He says that greatness is measured by servant hood; by serving others.  A few years ago, Central Church adopted a mission statement.  This is a short, concise sentence that tells what we are about and what we aspire to be about in our world and community.  It is simply to Love God, to serve others and to grow disciples.  Compare this with the secular and pagan world:  Rulers of the Gentiles lord over their authority.  Some of you may have caught the recent program on Caligula, the Roman emperor.  He was a harsh ruler, suspected of being insane.  He would go after his own family members and had them executed if he suspected them of treason.  Caligula had his family members put to death.  He wanted to be worshipped; and he decided to rule ruthlessly, with an iron fist in order to be revered as a god.  Caligula believed that in order to be great, you must become a god.  Jesus taught, in order to become great, you must become a servant.

In this background, Jesus introduces a bit of an antithesis: to be great, you must be a servant; to be first, you must be a slave.  This mindset is also listed in Philippians 2:3.  Here, Paul writes: “Do nothing out of selfish ambition or vain conceit, but in humility consider others better than yourselves. 4 Each of you should look not only to your own interests, but also to the interests of others. 5 Your attitude should be the same as that of Christ Jesus: 6 Who, being in very nature God, did not consider equality with God something to be grasped, 7 but made himself nothing, taking the very nature of a servant, being made in human likeness. 8 And being found in appearance as a man, he humbled himself and became obedient to death– even death on a cross!”

Jesus is our ultimate example of service.  Here was the greatest, Who became the lowliest, for our sake.  Notice verse 45: “For even the Son of Man did not come to be served, but to serve, and to give his life as a ransom for many.”  Garland states: “Jesus has told his disciples that he must die, but this is the only passage in Mark that tells us why he must die: He ‘gives His life as a ransom for many. ‘The term ‘ransom,’ was used for compensation for personal injury or a crime, for purchasing the freedom of an enslaved relative.  And for the price paid as an equivalent for the sacrifice of the firstborn.  In extrabiblical sources, it referred to the amount paid to free a slave or prisoner, redeem a pledge, or reclaim something owned.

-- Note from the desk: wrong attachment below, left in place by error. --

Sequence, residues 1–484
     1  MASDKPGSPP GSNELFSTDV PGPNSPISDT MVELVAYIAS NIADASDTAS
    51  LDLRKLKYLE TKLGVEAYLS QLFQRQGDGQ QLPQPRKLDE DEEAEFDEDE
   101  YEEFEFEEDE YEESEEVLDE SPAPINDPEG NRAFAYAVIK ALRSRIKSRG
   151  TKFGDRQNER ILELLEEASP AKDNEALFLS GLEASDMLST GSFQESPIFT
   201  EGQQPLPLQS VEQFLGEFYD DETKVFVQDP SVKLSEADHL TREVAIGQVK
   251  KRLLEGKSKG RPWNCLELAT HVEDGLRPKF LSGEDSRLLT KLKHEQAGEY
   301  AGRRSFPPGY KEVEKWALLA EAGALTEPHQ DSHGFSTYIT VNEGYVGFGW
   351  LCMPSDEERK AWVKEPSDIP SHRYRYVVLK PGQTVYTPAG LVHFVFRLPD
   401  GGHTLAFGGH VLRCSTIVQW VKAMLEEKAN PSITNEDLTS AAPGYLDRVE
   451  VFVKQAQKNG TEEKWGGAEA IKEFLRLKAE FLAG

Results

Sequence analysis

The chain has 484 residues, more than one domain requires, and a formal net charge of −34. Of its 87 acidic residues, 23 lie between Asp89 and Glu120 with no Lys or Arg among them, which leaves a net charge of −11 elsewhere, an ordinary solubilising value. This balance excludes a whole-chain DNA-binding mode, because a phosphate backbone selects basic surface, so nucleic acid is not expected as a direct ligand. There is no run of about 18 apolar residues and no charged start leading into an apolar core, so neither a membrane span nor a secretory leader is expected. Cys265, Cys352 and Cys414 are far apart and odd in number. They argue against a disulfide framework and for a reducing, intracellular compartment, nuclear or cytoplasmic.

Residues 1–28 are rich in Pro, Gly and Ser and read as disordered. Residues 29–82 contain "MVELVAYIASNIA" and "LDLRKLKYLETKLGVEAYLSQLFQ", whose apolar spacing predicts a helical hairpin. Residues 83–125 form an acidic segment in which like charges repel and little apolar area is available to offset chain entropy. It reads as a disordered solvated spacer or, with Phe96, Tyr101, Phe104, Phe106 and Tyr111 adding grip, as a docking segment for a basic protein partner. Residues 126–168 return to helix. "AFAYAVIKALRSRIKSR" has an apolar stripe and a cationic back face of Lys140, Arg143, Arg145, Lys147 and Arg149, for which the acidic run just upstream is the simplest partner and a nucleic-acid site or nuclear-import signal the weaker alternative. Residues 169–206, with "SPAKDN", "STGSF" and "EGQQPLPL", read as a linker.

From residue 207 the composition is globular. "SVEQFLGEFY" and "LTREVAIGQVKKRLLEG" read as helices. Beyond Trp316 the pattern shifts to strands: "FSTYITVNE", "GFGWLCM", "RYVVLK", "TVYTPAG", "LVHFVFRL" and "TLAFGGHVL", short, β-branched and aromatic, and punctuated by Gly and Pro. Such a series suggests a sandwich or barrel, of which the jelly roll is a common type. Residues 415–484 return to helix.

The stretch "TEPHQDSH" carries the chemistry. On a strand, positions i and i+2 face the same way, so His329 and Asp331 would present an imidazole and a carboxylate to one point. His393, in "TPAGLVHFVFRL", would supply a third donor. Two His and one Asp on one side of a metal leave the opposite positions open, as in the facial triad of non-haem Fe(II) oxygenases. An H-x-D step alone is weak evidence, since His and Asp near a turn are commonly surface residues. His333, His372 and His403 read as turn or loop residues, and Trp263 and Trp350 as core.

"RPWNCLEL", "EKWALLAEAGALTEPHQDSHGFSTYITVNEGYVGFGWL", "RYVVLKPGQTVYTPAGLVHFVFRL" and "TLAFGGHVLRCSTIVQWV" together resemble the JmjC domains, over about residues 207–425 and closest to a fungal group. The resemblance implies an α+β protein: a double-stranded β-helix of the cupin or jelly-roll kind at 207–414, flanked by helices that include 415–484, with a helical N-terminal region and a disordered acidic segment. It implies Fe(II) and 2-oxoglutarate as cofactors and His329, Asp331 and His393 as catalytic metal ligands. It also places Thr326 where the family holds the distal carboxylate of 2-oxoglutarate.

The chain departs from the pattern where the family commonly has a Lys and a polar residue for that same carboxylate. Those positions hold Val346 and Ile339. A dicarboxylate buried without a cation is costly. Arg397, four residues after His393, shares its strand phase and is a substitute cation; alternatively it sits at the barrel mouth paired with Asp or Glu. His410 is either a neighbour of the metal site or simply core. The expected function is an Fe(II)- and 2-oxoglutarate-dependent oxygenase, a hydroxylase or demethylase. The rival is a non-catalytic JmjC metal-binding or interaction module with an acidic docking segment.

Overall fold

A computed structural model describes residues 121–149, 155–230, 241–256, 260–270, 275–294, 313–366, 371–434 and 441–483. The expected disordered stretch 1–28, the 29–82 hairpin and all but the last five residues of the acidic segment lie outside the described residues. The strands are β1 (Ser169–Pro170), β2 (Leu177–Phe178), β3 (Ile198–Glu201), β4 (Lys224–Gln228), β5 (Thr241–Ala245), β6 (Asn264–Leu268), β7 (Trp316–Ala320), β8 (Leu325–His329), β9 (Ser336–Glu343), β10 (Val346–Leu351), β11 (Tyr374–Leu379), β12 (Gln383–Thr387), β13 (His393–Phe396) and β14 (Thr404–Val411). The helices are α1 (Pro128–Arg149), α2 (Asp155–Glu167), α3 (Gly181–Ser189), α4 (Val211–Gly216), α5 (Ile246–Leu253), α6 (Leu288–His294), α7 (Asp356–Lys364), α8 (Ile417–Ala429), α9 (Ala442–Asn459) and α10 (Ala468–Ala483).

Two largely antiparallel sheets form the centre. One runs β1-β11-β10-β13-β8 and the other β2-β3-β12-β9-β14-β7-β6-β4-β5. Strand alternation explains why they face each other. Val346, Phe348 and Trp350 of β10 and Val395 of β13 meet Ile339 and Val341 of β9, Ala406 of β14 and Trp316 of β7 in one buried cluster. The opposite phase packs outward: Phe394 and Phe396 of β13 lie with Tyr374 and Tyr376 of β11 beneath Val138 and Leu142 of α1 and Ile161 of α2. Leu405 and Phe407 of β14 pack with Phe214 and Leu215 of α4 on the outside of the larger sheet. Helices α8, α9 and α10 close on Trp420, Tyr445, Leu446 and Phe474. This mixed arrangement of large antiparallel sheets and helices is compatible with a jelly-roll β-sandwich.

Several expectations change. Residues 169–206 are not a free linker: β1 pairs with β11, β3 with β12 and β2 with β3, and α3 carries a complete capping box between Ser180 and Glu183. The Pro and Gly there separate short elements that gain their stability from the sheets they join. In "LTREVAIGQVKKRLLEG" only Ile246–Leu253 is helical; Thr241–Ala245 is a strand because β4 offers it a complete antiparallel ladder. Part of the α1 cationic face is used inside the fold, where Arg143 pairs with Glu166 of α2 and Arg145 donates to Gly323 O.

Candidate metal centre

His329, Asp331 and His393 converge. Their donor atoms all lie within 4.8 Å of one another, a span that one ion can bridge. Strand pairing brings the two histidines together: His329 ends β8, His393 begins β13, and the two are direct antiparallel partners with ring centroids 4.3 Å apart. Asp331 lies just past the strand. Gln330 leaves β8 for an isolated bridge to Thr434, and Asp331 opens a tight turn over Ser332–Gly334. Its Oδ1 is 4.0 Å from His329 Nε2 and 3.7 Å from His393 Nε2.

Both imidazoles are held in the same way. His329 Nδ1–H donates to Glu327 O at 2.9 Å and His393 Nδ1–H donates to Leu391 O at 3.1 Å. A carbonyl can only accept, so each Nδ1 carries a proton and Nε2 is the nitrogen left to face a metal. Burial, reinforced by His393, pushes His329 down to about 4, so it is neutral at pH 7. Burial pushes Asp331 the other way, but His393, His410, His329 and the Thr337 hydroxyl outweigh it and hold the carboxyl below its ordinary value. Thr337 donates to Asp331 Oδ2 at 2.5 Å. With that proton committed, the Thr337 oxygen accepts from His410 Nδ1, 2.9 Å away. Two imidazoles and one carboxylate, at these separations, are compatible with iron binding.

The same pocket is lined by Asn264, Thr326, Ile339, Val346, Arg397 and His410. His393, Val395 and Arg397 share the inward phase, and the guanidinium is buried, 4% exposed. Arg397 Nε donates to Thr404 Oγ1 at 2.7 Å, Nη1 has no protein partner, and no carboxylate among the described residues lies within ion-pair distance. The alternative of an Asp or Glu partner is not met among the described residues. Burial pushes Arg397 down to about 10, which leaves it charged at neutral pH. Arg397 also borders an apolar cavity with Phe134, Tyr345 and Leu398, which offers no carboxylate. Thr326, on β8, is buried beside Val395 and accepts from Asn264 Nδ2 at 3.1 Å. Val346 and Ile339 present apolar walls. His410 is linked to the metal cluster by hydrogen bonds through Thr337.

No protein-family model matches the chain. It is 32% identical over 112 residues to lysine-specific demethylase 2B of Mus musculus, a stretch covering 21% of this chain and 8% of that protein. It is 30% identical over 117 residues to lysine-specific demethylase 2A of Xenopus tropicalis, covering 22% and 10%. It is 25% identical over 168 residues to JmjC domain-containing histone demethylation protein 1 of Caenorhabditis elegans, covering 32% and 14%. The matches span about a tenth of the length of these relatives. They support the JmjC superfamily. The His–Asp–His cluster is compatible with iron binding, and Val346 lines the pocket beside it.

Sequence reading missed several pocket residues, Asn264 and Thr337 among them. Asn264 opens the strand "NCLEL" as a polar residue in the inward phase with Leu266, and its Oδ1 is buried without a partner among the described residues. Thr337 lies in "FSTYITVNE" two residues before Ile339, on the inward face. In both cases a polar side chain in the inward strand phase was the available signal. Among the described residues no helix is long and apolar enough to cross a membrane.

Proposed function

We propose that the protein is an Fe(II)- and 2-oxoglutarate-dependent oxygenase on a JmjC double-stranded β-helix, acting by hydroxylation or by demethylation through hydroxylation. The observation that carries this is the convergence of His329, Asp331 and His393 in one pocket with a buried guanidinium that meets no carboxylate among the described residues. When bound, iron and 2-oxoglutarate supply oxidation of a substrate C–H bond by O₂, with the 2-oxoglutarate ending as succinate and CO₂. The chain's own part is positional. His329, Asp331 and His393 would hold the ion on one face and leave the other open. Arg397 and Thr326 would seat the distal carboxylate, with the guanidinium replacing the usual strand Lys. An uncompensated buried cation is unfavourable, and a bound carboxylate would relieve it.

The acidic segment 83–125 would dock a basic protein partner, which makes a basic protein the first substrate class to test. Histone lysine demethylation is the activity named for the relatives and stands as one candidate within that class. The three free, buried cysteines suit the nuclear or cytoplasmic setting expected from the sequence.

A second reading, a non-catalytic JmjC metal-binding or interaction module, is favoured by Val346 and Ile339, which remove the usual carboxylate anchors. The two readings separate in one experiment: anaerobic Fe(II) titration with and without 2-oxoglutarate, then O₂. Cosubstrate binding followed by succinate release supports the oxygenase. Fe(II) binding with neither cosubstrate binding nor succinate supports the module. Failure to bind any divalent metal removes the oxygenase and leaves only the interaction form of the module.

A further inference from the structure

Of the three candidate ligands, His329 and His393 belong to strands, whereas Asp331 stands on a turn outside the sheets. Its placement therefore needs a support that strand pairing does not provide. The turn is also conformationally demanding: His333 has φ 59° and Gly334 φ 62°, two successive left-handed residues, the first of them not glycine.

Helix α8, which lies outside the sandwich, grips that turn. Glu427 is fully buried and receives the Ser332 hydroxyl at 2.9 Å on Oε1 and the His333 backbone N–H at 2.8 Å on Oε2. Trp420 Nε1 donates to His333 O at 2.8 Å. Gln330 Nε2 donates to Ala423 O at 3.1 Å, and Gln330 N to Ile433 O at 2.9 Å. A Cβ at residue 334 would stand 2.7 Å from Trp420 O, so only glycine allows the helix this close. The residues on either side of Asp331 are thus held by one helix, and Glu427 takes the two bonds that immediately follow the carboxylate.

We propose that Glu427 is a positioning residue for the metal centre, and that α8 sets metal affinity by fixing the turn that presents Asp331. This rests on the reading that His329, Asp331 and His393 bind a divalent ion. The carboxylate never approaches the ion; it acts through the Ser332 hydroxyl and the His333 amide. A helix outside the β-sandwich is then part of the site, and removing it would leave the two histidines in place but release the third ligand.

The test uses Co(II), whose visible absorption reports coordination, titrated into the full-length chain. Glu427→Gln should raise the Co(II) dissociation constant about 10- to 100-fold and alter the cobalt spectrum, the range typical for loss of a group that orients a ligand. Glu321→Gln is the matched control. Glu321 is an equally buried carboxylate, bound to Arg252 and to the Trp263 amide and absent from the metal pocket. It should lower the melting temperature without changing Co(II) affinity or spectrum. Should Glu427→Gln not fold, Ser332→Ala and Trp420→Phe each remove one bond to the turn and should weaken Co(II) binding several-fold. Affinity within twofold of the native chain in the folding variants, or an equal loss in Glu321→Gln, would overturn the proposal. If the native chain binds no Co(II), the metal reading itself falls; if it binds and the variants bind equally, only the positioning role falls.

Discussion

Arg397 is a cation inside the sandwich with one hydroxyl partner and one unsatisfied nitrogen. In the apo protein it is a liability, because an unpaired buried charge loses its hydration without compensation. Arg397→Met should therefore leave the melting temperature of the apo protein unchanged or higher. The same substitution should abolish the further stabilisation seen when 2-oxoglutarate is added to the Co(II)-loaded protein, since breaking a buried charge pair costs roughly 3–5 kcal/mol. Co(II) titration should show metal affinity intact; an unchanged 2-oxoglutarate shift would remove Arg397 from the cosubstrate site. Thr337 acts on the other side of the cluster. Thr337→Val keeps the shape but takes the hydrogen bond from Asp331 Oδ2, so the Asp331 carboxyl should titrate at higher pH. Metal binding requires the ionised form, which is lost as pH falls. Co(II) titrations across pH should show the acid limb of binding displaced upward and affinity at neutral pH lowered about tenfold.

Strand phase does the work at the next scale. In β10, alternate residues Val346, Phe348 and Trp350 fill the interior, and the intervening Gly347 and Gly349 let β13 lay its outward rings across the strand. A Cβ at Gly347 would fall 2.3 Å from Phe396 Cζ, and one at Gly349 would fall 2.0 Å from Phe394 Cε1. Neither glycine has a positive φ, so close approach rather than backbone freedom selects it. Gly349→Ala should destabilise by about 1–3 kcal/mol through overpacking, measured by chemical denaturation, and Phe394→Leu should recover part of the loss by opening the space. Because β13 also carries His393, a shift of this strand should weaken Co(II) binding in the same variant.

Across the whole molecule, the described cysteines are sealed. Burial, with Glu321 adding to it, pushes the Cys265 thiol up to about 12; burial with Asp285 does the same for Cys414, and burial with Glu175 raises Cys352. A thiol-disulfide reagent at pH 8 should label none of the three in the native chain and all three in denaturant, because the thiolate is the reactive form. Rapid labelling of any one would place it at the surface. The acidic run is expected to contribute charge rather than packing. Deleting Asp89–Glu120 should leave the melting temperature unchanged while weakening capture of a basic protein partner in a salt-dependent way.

I was brought face to face with something extraordinary recently.  My wife and I visited the Dead Sea Scrolls exhibit at the Franklin Institute last weekend.  The Dead Sea Scrolls, discovered by accident in 1947, is the single most critical literary discovery of our modern times.  Before the discovery, the oldest manuscript of the Hebrew Bible dated to around 1,000 A.D.  But the Scrolls uncovered portions of the Old Testament that predated Christ.  As I got in line to look at these darkened pieces of parchment under glass, one was a portion of Isaiah 53:11-12, dated to the year 1 A.D., around the time of Jesus’ birth.  It said: “As a result of the anguish of His soul, He will see it and be satisfied; By His knowledge the Righteous One, My Servant, will justify the many, As He will bear their iniquities. 12 Therefore, I will allot Him a portion with the great, And He will divide the booty with the strong; Because He poured out Himself to death, And was numbered with the transgressors; Yet He Himself bore the sin of many, And interceded for the transgressors.”  Christ gave His life to ransom us from sin’s slavery.  He set us free to serve God.  Aren’t we glad that Jesus gave His life as a ransom for us!  Friends, that’s you and me.

What about us?  Are we making the most of the opportunities God places in front of us to serve others?

Today, we’ve been reminded that greatness is not measured by position or power, but by attitude and action.  In Christ, there was no polished rhetoric.  Only words backed up by actions.  Directly after this incident, Jesus heals Bartimaeus, Son of Timaeus.  This man, calls out to Jesus, saying, “Jesus, Son of David (anointed one, king of Israel, the heir of the house of David), asks: “What do you want me to do for you?”

It was the great Martin Luther King, Jr. that said: You don’t have to have a college degree to serve.  You don’t have to make your subject and verb agree to serve.  You don’t have to know Plato and Aristotle.  You don’t have to know Einstein’s theory of relativity. You don’t have to know the second theory of thermodynamics in physics.  You only need a heart full of grace.  A soul generated by love.”[3]

[1] David E. Garland, “Mark,” The NIV Application Commentary (Grand Rapids: Zondervan, 1996), 411.

[2] Garland, 413.

[3] Garland, 417.

Published by davidmckinley

I am the Senior Pastor of Central Schwenkfelder Church in Worcester, PA. The Schwenkfelder Church is a community of faith birthed from those persecuted in Silesia (Poland) during the 16-18th centuries, whose adherents traveled to Pennsylvania circa 1734. For more on the Schwenkfelders as a historical movement, see www.schwenkfelder.com. Central Schwenkfelder is a Christ-centered, Bible-believing congregation. For more info, see www.cscfamily.org. My ordained standing is with the Conservative Congregational Christian Conference. See www.ccccusa.org or www.easternpa4c.org.